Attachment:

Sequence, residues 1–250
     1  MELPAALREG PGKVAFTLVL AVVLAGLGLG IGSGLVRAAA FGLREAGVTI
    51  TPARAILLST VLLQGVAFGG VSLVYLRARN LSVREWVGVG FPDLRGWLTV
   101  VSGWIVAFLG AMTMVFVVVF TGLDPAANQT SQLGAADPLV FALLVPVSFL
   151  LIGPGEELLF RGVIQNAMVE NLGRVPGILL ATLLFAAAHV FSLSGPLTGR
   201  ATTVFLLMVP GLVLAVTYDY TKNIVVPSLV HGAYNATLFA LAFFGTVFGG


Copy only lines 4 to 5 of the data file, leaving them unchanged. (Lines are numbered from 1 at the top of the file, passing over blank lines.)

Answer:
   101  VSGWIVAFLG AMTMVFVVVF TGLDPAANQT SQLGAADPLV FALLVPVSFL
   151  LIGPGEELLF RGVIQNAMVE NLGRVPGILL ATLLFAAAHV FSLSGPLTGR